On a misty morning in 1958 Sara checked her dowry chest with great emotion. It was the day of her wedding and her family was making the final preparations for what would be a sacred day in the life of two humble peasant families from northern Transylvania, Romania.
The chest was almost complete. It contained the pillows and sheets she sowed, celebration clothes, and blankets and rugs which she had prepared since childhood. The whole village witnessed as she stepped outside to meet her soon-to-be husband, Soos Marton, a proud man, looking confidently towards the life they would build together. His dowry was the land and animals received by his father, as well as the knowledge gathered cultivating the land of his family. As they exchanged vows, in front of God, society and nature, Sara’s mother stepped towards them, bringing “hope” for the young couple, according to the customs. She placed a bag of seeds into the chest, uttering words of blessing.
My grandmother, Soos Sara, cherished these seeds all through her life, cultivating and saving them from year to year. She told me stories about the corn that fed her village during the Tatar and Turkish raids of the medieval ages, the cucumbers called “schmackhaft” (tasty) by the German soldiers who marched through the village in the middle of the second World War and she always ended with the “must have” of a Romanian peasant, the purple ox-heart tomato. This almost mythological vegetable and fruit at the same time, which managed to link whole communities and continents with its amazing taste and adaptability traits.
“It’s a sturdy breed”, she said. “I remember one year, right after Ceausescu fell, we had the most terrible drought. In the worst time! Nobody knew what would happen, but we all had to eat. The large ex-communist farmlands around us were almost burning from the heat, not a sight of green. My tomatoes were blooming in the garden…seeds saved people then,” she sighed.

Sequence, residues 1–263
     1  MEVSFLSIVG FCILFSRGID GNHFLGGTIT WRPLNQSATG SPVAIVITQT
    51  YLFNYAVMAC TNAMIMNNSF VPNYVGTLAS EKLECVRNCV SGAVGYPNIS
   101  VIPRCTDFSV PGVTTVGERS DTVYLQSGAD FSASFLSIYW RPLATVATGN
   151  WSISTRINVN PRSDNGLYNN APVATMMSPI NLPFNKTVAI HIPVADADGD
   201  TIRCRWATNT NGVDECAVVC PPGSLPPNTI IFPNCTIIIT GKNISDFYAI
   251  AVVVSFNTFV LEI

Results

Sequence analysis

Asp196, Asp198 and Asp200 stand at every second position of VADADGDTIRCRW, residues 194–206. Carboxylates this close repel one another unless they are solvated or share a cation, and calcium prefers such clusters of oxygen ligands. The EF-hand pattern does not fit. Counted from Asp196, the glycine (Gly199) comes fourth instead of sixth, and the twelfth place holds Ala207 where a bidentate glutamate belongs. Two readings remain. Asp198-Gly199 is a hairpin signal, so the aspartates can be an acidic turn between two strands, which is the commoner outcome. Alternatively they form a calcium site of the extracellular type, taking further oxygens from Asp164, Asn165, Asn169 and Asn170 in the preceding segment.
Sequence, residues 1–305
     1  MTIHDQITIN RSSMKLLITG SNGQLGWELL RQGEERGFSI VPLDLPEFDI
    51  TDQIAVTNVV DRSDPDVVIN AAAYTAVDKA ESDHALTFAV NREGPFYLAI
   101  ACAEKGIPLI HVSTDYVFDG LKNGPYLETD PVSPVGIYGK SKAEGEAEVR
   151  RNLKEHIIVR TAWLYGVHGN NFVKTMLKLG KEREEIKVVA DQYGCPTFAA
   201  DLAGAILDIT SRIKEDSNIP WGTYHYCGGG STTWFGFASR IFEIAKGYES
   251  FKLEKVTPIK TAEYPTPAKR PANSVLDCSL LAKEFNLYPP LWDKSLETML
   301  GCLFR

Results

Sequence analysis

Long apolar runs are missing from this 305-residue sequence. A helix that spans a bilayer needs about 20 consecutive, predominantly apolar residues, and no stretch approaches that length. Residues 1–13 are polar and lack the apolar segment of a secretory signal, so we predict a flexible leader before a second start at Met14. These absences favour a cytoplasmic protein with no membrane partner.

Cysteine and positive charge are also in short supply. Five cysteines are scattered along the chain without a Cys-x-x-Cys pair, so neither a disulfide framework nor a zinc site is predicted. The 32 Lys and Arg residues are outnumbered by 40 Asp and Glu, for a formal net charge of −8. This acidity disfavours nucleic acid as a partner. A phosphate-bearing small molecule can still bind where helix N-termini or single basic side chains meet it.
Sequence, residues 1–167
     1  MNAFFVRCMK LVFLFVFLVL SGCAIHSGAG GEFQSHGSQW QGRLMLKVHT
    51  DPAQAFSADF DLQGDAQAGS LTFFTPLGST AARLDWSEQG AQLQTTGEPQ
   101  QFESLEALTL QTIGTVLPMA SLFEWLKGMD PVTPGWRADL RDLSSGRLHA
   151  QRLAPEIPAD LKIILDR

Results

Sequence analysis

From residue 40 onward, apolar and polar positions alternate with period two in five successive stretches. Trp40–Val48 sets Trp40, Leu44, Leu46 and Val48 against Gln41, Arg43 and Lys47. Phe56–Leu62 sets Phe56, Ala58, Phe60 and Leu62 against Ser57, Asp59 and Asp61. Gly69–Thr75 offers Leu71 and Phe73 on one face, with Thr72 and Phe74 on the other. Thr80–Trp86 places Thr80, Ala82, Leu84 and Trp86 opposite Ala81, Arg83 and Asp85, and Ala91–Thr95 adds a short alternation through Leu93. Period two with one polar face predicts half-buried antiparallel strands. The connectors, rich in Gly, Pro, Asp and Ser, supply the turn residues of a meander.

Through Eco Ruralis, an association dedicated to supporting Romania’s small farmers, I committed myself to become a guardian of people like my grandmother, simple and dignified, connected to the land and never taking more than they can give back. True botanists of nature and agricultural biodiversity.
In November, 2011 as I was preparing for an International Seed Exchange in Senegal, Africa, my grandmother rested on what would be her dying bed, aged and tired, tried by time and burned by the sun. She whispered her wisdom, teaching me traditional cultivation methods, explaining how to care for the tomato, how to keep the seeds, when to plant them, how to prune them. I took those lessons with me on my long travel, as well as the seeds.
During the Sub-Saharan Seed Exchange I was given the chance to meet and swap seeds with several peasants from Western Africa, learning their stories and struggles. One of these peasants was Markoto Kamara, a peasant and administrator of UCEM, a small peasants association from Djimini village and its surroundings, in Senegal. He listened with great admiration the story of my grandmother’s seeds and found that we have a lot in common as Senegalese peasants share the same dedication towards land and the diversity it holds and feeds them. We swapped seeds and the Romanian ox-heart tomato found a new guardian through the peasants of Djimini-Kolda, Senegal.
Soos Sara’s heart stopped beating one February morning in 2012, not living to witness another blossoming of her seeds of hope. Her life lessons were not written down, as the harsh times she lived did not teach her how to read or write, but her spirit, her stories and life-long dedication to farming is still alive in people’s gardens…in the Eco Ruralis peasants gardens in Romania, where each spring, Sara’s tomatoes bloom to announce another bountiful year, or the seed gardens from Djimini, named “Ecorurali” by the peasant women cultivating seeds of hope for the generations to come.